Self Leadership: The Foundation for Success

When you think about it, many of us
were trained to surrender our personal power from the time we were
small.  We were taught to be followers—not leaders.  We were expected to
play by other people’s rules.  Although this strategy created nice boys
and girls, it didn’t prepare us to be high functioning adults who
assume full responsibility for our choices, actions, experiences,
responses, and outcomes.   It didn’t teach us how to proactively CREATE a
life.  Actually, it taught us to play small, to feel insignificant, to
focus on pleasing others.  In some cases it snuffed out our spirits.

The truth is that we can’t lead others if we can’t lead ourselves.
  Ever wonder why you’re having difficulty with leadership at work, at
home, or in the community?  Perhaps it’s because you never learned how
to take charge of YOU.  If you implement even a few of the following
seven leadership “lessons”, you can change this situation dramatically!

1. Ask for what you need and want.  When is the last
time you did that?  When is the last time you requested a particular
meal, a choice assignment, a day off?  What about a long overdue date
night with your partner, an hour of interrupted time in your office, or a
pay raise?  What is your history in regards to asking for what you need
and want?  If you’re not used to doing it, why is that?  Is it because
you’re afraid of angering someone?  Is it because you don’t believe
you’re worth it?

2. Seize opportunities that come your way.  Opportunity
is a chance for advancement.  It’s also a favorable combination of
circumstances, time and place.  Do you know how to recognize
opportunity?  When you recognize it, do you act upon it or ignore it? 
If an ideal job pops up, do you apply?  If you need a new microwave, do
you take advantage of the big sale you read about in the paper?  If
family members invite you to their vacation home for an extended
weekend, do you make arrangements to join them?

3. Live fully in the moment.  Most of us are living
in the past or the future, completely missing the present.  Frazzled and
burdened by regrets, we dwell on yesterday’s mistakes and worry about
when we’ll read the batch of emails that hasn’t yet arrived.   Rarely
are we focused on the here and now.  Rarely are we totally “there” with
the person on the phone, the colleagues in the meeting, the webinar
trainer we paid to hear.  Being in the moment is often a foreign idea,
isn’t it?

4.  Adapt to change.  Change is a bad word for a lot
of us.  While a few people thrive on it, most of us fear it.  Some make
themselves sick over it.  How do you handle change?  Do you fight it or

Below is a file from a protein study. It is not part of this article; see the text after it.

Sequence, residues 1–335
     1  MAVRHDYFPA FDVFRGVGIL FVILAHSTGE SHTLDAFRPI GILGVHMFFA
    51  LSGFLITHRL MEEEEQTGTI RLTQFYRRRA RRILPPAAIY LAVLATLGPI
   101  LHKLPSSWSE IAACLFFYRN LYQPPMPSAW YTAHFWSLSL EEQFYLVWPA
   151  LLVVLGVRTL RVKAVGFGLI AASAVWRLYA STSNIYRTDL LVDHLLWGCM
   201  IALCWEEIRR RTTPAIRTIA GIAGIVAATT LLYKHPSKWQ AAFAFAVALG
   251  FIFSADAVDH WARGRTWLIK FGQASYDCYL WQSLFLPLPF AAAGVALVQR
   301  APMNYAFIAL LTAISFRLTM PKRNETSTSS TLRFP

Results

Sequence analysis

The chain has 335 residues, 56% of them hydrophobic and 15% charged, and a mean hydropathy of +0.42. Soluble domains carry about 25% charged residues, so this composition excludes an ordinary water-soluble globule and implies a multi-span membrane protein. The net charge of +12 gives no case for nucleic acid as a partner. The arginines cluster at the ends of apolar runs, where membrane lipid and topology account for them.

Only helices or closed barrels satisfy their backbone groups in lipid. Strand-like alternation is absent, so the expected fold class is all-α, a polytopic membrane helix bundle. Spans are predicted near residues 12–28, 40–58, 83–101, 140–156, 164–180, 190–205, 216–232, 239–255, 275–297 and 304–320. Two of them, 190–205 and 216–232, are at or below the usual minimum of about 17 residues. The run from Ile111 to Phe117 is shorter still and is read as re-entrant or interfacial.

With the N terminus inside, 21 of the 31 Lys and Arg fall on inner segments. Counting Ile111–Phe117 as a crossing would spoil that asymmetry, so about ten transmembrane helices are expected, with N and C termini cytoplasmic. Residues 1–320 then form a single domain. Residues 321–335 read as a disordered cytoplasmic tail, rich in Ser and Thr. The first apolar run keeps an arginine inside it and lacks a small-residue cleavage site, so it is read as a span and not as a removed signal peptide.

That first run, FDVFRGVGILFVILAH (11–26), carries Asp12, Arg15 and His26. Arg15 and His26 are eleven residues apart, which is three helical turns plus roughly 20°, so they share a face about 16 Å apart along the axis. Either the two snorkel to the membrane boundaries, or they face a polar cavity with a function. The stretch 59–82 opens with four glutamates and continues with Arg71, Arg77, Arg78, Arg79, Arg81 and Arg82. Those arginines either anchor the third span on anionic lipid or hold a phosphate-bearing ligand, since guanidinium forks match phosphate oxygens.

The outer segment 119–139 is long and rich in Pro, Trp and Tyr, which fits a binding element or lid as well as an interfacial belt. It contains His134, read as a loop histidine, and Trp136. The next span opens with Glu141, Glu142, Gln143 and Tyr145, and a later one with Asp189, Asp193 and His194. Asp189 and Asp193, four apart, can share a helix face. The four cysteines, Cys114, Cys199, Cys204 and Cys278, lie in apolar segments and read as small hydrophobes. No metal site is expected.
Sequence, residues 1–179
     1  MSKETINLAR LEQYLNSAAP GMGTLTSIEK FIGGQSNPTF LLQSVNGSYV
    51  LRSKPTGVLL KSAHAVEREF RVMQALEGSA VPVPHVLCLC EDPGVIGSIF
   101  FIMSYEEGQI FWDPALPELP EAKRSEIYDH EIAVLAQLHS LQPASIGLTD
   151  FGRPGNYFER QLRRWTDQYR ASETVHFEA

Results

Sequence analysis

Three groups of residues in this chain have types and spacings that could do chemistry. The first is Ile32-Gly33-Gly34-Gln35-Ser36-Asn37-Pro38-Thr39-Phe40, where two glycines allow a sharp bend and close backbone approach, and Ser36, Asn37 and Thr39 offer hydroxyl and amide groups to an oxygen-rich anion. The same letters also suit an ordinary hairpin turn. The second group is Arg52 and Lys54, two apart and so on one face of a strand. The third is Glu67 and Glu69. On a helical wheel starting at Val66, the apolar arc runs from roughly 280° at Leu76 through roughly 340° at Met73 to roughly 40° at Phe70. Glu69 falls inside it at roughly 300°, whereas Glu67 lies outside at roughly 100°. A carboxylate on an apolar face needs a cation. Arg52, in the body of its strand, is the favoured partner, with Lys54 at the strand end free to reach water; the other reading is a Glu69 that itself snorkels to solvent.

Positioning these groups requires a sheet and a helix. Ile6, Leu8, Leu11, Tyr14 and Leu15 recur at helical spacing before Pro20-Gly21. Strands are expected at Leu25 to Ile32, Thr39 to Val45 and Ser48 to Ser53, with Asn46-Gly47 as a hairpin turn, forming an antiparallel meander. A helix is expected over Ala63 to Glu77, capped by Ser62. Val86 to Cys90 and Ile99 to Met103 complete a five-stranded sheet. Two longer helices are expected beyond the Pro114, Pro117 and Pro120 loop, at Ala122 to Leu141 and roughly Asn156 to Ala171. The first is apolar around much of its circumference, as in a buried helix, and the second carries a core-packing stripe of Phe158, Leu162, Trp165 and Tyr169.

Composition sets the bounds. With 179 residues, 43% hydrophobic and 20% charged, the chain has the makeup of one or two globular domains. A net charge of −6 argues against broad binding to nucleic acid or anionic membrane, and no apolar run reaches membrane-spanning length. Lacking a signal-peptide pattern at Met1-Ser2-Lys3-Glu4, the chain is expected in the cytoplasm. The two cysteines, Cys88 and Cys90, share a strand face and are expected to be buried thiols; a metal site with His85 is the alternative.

deal with it?  Do you see it as a chance to learn, to grow, to
experience something different?  Do you perceive it as the flavor in
life?  What exactly is your relationship with change?  Having trouble
coping?  Identify what you have to do to accept change and make the best
of it.

5.  Be resourceful.   To what extent can you
confidently meet and handle various types of situations?  When and where
are you most resourceful?  At work?  At home?  With community
organizations?    Why is this?  When you don’t know the answer to a
question, do you know how to get it?  When presented with a problem, can
you figure out what you need to do to solve it?  What is holding you
back from becoming more resourceful than you are now?

6.  Create memorable experiences.  Your ability to
transform the ordinary into an experience is what turns a mere existence
into a zestful life.  Using sights, sounds, smells, textures, and
tastes, you can add spice to just about anything:  the next committee
meeting, the drive to the grocery store, the research project, the
brainstorming session, the call from a friend, tonight’s dinner.  Think
about everything you must do over the next twelve hours.  Consider how
you could take all of it to the next level.  There’s a difference
between hot chocolate made with water and hot chocolate made with milk
or cream.  How can you put more milk and cream into your routine?  How
can you make life rich?

7.  Take time to recharge.  It’s no secret that most
Americans are sleep deprived and relaxation starved.  As a result, many
of us are tired, irritable, and moderately productive.   As the leader
of your life, acknowledge—and honor—your physical and emotional
requirements for regular refreshment.  Listen to your body.  Pay
attention to stress.  Build short breaks into your day.  Do more things
you enjoy.  Develop new relationships.  Walk in the woods.  Turn on some
music.  Breathe deeply.

 It really is time to establish new rules.  It’s time to claim your
life and lead it.  When you take that step, you’ll be more, do more, and
achieve more than you ever dreamed possible.  Not only will feel better
about yourself but you’ll also positively influence those around you!

If you like what you’ve learned here, visit Launching Lives for a ton of free articles and resources that will help you solve problems, develop leadership skills, and increase balance in your life.

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